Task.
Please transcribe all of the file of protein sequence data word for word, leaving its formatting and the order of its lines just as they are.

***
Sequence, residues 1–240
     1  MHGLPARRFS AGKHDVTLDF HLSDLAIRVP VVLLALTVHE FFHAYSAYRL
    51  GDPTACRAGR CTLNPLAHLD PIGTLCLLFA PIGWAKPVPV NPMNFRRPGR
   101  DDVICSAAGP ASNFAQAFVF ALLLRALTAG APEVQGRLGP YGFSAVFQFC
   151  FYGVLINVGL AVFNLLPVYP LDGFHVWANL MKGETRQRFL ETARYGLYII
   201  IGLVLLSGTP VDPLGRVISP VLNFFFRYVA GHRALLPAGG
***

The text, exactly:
Sequence, residues 1–240
     1  MHGLPARRFS AGKHDVTLDF HLSDLAIRVP VVLLALTVHE FFHAYSAYRL
    51  GDPTACRAGR CTLNPLAHLD PIGTLCLLFA PIGWAKPVPV NPMNFRRPGR
   101  DDVICSAAGP ASNFAQAFVF ALLLRALTAG APEVQGRLGP YGFSAVFQFC
   151  FYGVLINVGL AVFNLLPVYP LDGFHVWANL MKGETRQRFL ETARYGLYII
   201  IGLVLLSGTP VDPLGRVISP VLNFFFRYVA GHRALLPAGG